Many people have a difficult time defining abuse in relationships. Often, we think the signs are simply the “ups and downs” of relationships. But consider the following: Do you notice your relationships falling into a negative, repeating pattern? Have you recently experienced…yelling, name calling, demeaning sarcasm, humiliating insults, coercive examination of your actions, threats, or have watched this happen to someone you care about? Is there one specific relationship you’re involved in that impacts your ability to be productive, or to enjoy life? You may feel plagued by conflict, that you are being constantly blamed or labeled as the problem in the relationship. You may believe you are the cause of the abuse.
Sufferers of abuse often:
Perhaps you suspect, or know intuitively, that something is wrong, but you just can’t seem to put your finger on it. You may find yourself wanting to correct the behaviors of someone close to you. Perhaps you don’t feel loved the way you’d like to be loved. You find yourself adapting to someones manipulation, or their addictive behaviors, a lack of intimacy, or unwanted intimacy. You might have confided in another, but received unhelpful advice, or they may even have informed the abuser. Abusive relationships can encompass a variety of symptoms and causes, however, there is hope. Through counseling your situation can improve.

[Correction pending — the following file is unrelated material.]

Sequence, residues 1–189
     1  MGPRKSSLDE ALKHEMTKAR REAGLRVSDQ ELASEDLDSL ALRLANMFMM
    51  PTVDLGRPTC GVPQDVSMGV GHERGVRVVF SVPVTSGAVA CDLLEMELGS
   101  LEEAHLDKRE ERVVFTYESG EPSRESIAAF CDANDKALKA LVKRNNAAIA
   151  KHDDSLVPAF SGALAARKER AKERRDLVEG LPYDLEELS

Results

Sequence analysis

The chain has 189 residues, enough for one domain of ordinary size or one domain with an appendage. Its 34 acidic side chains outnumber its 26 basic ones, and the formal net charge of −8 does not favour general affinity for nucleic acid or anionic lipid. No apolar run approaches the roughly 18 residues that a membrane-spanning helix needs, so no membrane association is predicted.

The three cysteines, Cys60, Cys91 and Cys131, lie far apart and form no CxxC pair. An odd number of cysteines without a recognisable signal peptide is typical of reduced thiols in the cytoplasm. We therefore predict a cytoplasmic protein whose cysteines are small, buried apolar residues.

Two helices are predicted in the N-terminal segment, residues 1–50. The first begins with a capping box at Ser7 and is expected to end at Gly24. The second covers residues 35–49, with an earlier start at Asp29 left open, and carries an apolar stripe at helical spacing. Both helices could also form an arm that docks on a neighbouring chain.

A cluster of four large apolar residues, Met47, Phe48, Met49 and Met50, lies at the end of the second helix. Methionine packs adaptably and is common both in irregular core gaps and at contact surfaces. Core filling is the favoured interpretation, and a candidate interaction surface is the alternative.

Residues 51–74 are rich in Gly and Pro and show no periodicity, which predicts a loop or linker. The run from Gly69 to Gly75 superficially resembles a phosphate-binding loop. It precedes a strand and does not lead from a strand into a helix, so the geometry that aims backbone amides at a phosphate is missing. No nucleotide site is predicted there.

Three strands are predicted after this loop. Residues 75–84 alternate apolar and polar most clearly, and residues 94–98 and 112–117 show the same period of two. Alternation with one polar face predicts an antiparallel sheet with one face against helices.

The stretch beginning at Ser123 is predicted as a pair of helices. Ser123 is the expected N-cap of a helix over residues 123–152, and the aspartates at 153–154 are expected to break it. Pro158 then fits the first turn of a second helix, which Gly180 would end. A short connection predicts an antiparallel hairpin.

Statistics reveal that dysfunctional or abusive relationships are almost more common than functional relationships themselves. Exhaustion, frustration, and words like “deadlock” are not uncommon. Many individuals in abusive relationships feel as though they spend their days avoiding conflict, managing what feels like hypersensitivity, or simply completing tasks for the abuser in order for them not to be triggered. Many others struggle to survive emotionally, treading water in a sea of despair. Sometimes they preserve dysfunctional relationships for children, financial reasons, or a sense of moral obligation. Fear of change, too, can prolong unhealthy relationships, but change is what needs to happen.